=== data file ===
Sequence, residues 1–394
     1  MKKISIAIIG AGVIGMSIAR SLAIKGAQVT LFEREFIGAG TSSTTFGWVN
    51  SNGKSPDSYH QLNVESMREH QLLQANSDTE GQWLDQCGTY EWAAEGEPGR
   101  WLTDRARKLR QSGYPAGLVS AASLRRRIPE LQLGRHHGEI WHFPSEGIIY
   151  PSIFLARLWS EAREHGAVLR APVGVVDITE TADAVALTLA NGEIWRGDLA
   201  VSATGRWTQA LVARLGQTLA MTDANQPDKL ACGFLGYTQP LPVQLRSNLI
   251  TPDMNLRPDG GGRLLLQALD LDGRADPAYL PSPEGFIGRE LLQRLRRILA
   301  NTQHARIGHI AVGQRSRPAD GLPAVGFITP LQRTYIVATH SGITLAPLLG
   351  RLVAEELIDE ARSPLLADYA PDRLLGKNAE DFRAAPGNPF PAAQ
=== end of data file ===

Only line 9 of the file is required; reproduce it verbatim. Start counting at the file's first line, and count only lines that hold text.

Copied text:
   351  RLVAEELIDE ARSPLLADYA PDRLLGKNAE DFRAAPGNPF PAAQ